The Cubs released their dramatic Wrigley Field renovation plans the other day. The plans which, assuming the city agrees to allow the team to play more night games, erect more signage and to close off Sheffield Avenue on the weekends, the team’s owners will pay for themselves.
Carrie Muskat of MLB.com got a comment from Chicago Mayor Rahm Emanuel about all of that:
“When I first started this discussion, the Cubs wanted $200 million in taxpayer dollars,” Emanuel told reporters. “I said, ‘No.’ Then they said, ‘We’d like $150 million taxpayer dollars,’ and I said, ‘No.’ Then they asked if they could have $100 million in taxpayer subsidies, and I said, ‘No.’ Then, they asked about $55 million in taxpayer subsidies. I said, ‘No.’ The good news is after 15 months, they’ve heard the word, ‘No.’
Thank you. More of this please. From every public official who is ever asked to commit public dollars to a professional sports team.
Jim Salisbury of NBC Sports Philadelphia reports that the Giants were “sniffing around” on Phillies third baseman Maikel Franco at the recently completed Winter Meetings.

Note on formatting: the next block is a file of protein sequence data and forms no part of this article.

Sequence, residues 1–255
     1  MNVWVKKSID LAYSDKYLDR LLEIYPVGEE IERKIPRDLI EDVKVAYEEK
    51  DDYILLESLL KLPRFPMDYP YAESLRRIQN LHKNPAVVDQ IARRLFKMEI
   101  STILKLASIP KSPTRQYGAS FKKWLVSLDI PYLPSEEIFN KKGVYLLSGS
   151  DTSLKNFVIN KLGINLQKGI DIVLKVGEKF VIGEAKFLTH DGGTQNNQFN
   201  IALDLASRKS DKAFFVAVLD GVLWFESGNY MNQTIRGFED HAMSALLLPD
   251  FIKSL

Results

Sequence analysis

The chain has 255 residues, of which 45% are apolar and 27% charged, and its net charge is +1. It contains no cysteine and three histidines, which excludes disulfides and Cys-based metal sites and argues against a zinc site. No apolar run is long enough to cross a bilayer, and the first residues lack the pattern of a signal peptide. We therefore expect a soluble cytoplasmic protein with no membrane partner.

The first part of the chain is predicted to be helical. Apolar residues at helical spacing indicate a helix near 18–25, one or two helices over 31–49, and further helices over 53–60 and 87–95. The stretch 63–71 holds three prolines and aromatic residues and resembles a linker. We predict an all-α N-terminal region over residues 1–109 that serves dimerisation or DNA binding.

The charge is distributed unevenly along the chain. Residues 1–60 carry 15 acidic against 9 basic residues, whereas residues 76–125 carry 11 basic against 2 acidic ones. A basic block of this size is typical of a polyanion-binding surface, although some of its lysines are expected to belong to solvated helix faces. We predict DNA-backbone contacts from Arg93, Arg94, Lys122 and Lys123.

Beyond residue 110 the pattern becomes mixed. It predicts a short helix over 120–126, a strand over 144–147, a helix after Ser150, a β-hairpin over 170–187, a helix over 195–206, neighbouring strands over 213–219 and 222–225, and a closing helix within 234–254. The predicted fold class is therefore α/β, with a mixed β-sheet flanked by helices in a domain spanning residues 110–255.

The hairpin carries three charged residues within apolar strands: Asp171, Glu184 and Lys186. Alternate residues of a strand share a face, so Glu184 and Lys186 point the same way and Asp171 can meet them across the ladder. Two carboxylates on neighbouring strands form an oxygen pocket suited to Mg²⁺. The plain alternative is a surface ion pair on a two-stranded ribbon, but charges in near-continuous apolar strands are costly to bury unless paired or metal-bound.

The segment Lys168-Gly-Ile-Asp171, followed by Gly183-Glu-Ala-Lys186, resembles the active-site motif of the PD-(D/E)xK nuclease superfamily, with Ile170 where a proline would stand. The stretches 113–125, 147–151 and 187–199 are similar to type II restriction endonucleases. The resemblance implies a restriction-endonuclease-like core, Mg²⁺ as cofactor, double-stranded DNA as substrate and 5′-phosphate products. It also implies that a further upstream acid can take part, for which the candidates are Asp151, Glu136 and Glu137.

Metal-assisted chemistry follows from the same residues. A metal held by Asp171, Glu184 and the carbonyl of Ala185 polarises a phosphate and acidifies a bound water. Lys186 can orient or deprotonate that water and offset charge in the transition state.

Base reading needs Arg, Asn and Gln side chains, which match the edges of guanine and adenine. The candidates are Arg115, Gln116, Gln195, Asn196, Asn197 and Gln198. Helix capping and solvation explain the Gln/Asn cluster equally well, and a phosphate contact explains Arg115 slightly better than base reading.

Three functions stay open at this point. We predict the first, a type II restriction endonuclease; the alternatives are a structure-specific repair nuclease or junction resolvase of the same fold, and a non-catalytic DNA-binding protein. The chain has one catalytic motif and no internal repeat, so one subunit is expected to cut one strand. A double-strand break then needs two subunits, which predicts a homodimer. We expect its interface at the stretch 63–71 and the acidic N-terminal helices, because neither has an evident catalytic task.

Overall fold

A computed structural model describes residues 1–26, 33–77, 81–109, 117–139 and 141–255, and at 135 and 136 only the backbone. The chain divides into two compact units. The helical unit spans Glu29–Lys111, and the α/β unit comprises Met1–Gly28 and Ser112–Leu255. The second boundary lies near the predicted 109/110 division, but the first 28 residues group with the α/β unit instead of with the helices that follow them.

Franco, 25, would be a nice buy-low candidate for the Giants, who don’t have a reliable third baseman yet. Currently, Pablo Sandoval would get the lion’s share of starts at the hot corner. Franco was a consensus top-100 prospect going into the 2014 and ’15 seasons, but hasn’t lived up to the hype over the last two seasons. In 2017, he hit .230/.281/.409 with 24 home runs and 76 RBI in 623 plate appearances.
Moving Franco wouldn’t necessarily solve any problems for the Phillies. After signing first baseman Carlos Santana, Rhys Hoskins is expected to play in the outfield full-time. As a result, the Phillies have too many outfielders with Odubel Herrera, Nick Williams, and Aaron Altherr. Technically, the Phillies could move Santana to third base as he has experience there, but he hasn’t played the hot corner since 2014.
Franco is arbitration eligible over the next four seasons, which might be the most attractive thing about him to other teams.